Back to the garden

A local resident celebrates the 50th anniversary of this iconic gathering

When the buzz about Woodstock’s 50th anniversary celebration first hit last year, I immediately said, “I have to go!” I’d missed the original one back in 1969, when I was 16 and my mother said I couldn’t go.

For months, the impending 50th was repeatedly in the news. Would the weekend of music take place? Would the promoters find a venue? Oh, they lost another possible venue? They experienced many of the difficulties they’d encountered for the first concert. And then, the shocker … the 50th anniversary celebration of Woodstock would not take place. Friends came to me and said they were sorry the event I’d so looked forward to had been canceled.

Of course, knowing the original site was not actually held in Woodstock, but in Bethel, N.Y., I knew myconcert weekend hadn’t been canceled.

Bethel Woods Center for the Arts didn’t disappoint. A commemorative art and music festival for four days was indeed held from Aug. 15-18, complete with Woodstock Museum tours, films, ongoing craft and music tents, great food and mementos. The 50th anniversary celebration commenced on the original grounds of the Woodstock Festival. “We are golden” took on additional meaning as aging hippies — present company included — descended upon the hallowed grounds.

Several of the original artists performed. Arlo Guthrie did a free concert Thursday night following the “Woodstock” movie. Edgar Winter rocked the crowd Friday, paying homage to his brother, Johnny, throughout his set.

Saturday featured Santana, who stole everyone’s thunder with his highly charged mix of African beats. His wife wailed on the drums and his son played keyboard and brought the music up to date with his hip-hop raps.

On Sunday, John Fogerty celebrated Creedence Clearwater Revival. Those originals were joined by Ringo Starr, who, at 79, danced, sang and drummed without missing a beat along with his All Starr Band. Blood, Sweat and Tears sang their entire original set from Woodstock ’69. Also appearing were The Doobie Brothers, Grace Potter and the Tedeschi Trucks Band.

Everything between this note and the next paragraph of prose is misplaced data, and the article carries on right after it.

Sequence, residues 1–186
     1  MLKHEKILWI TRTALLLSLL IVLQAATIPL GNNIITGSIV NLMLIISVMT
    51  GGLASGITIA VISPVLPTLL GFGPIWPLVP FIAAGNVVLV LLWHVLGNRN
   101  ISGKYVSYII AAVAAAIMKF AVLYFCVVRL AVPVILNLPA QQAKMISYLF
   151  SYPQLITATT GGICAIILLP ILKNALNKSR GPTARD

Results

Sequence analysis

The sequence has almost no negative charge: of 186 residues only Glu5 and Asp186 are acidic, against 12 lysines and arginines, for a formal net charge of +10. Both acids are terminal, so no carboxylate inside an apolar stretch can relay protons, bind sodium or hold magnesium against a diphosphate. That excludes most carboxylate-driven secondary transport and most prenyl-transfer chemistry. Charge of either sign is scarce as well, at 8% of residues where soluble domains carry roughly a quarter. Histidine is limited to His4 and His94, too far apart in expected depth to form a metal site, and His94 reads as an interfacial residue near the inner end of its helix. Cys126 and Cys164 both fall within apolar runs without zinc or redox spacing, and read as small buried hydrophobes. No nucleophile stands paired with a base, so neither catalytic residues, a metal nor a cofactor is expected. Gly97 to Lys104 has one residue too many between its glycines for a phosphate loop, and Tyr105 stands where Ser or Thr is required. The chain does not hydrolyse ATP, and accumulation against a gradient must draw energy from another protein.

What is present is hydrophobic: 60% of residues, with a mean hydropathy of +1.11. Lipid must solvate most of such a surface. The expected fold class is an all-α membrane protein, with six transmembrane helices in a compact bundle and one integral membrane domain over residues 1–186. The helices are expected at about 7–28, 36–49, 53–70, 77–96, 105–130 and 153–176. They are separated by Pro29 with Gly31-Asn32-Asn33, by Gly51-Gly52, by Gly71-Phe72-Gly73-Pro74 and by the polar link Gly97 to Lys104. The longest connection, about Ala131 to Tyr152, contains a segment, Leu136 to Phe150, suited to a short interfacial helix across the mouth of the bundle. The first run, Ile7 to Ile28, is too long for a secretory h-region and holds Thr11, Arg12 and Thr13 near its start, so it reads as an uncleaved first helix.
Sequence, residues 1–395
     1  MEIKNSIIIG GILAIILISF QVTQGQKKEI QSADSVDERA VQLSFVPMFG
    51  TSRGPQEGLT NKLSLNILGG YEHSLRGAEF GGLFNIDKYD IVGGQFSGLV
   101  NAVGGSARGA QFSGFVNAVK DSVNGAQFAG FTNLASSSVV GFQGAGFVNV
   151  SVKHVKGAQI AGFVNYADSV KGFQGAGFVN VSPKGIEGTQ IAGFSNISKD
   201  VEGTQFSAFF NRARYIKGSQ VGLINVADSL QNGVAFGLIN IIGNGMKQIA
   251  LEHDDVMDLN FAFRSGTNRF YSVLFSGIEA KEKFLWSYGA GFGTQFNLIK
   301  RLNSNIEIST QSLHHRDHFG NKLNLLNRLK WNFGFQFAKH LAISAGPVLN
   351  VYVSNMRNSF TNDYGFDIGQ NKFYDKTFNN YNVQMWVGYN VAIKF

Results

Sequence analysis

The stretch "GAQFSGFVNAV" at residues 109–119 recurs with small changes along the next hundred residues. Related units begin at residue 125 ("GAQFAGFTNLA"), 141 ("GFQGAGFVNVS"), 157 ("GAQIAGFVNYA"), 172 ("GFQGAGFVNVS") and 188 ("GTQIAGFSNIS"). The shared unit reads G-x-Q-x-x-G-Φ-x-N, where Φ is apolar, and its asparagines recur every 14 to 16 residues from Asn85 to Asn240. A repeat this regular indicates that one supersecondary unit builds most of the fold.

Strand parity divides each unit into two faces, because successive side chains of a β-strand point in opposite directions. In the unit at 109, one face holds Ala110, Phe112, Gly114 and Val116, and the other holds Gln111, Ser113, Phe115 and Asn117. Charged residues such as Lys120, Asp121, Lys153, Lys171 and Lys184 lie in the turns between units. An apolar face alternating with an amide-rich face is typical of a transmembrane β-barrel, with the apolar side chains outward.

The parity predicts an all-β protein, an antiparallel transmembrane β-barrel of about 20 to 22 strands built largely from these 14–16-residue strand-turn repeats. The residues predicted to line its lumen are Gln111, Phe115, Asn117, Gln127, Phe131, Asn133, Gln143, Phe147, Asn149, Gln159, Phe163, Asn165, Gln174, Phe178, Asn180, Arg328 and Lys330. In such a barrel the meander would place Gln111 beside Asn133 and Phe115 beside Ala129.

People of all ages came from all over the country and all over the world to be at Bethel for the 50th, mostly older and gray-haired, with a smattering of enlightened young music lovers and locals. My friend and co-concertgoer Sue Grant had four 20-something nieces and nephews who traveled all the way from Washington State to attend, wearing personally designed T-shirts made by Chris, the eldest of the group, commemorating Woodstock then and now. He’d decided he wanted to be a part of history and booked a flight to New York. His siblings caught his excitement and scrambled to book their flights, too, not wanting to miss out on the “happening.”

Vickie Grant, who attended the original Woodstock with her little brother, came from Florida to relive the excitement. “I was 15 years old and my family spent summers in the Catskills at Kauneonga Lake in Bethel,” she said. “There was talk of a music festival coming to our town. Once we heard Jimi Hendrix and Janis Joplin were going to perform, my friends and I wanted to go.” They had discussed going back and forth endlessly. Would their parents let them go? Would it be safe? They walked the mile and a half to the site where the stage was being built. “We watched the hordes of young people coming to the area on West Shore Road, which was so totally backed up that my father, who would normally have come up from Brooklyn on the weekend, couldn’t get through,” she added. “By Friday the crowd was overwhelming.” She and her friends made the hike to the venue on Saturday. “What first caught my eye was all the naked people walking around,” Grant said. “We were shocked that we could just walk in and didn’t need a ticket. The first song we heard was Country Joe’s ‘Fixin’ to Die Rag.’

“Hearing 400,000 people respond to ‘give me an F, give me a U…’ was incredible,” Grant continued. They left when the rain came and listened to Jimi Hendrix from the comfort of their bungalow colony. “It was a once-in-a-lifetime adventure that I am so grateful to have experienced.” She attended with her little brother, now 63, and her boyfriend, a blues musician.

Linda Cohen Eckers from White Lake, N.Y., recounted her tale. “I was 16 and at a bungalow colony about 10 minutes away. For me, it was all about the music. I actually remember being there because I never did drugs, alcohol or even smoked cigarettes. I was a goody two-shoes. My friends and I bought tickets for Sunday for $8 each. My dad drove a bunch of us as far as he could and then we had to walk the rest of the way. My mom sent me with about 25 homemade brisket sandwiches, just in case we got very hungry. We got there in time for Joe Cocker to go on, only to have the sky open up. My sandwiches got soggy instantly and I did not want to eat them. I had no problem giving them away, as so many people around me were hungry and would eat just about anything. We stayed a while longer and decided to leave because we were drenched.